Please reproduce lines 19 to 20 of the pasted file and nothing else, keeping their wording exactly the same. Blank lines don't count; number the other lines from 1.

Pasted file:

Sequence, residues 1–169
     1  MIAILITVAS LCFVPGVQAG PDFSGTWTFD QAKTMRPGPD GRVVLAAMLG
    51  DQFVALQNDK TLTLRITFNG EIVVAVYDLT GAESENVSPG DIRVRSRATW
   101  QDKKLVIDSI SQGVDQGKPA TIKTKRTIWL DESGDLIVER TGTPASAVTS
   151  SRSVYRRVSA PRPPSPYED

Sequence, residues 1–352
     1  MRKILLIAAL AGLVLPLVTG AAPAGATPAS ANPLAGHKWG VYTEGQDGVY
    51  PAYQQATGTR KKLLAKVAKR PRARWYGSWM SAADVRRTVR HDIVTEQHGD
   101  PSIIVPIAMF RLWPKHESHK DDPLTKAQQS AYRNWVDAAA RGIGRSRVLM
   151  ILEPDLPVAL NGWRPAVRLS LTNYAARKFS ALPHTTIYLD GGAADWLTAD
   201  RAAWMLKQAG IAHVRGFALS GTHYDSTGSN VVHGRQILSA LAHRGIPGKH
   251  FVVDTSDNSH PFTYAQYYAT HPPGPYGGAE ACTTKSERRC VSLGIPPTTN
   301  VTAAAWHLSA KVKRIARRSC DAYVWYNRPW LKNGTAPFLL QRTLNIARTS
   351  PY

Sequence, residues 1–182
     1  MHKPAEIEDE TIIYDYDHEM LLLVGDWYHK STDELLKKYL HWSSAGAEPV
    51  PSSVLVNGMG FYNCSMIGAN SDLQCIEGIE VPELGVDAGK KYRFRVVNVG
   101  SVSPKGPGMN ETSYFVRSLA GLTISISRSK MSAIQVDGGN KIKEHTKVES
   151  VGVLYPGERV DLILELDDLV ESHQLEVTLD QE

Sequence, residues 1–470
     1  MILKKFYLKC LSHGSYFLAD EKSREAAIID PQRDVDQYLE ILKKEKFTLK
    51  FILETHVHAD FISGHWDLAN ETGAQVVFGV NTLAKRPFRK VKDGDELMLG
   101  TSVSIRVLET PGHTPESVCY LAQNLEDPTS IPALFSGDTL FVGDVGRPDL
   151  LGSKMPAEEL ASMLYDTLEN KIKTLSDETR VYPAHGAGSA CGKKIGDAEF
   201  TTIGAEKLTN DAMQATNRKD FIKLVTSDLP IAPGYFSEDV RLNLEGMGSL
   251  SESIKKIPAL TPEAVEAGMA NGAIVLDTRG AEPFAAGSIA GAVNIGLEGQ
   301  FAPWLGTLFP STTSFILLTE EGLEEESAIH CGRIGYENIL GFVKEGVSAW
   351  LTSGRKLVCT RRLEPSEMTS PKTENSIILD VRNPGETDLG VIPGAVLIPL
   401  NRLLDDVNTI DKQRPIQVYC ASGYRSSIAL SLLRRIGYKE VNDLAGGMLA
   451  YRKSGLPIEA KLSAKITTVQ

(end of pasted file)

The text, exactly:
   151  VGVLYPGERV DLILELDDLV ESHQLEVTLD QE

Sequence, residues 1–470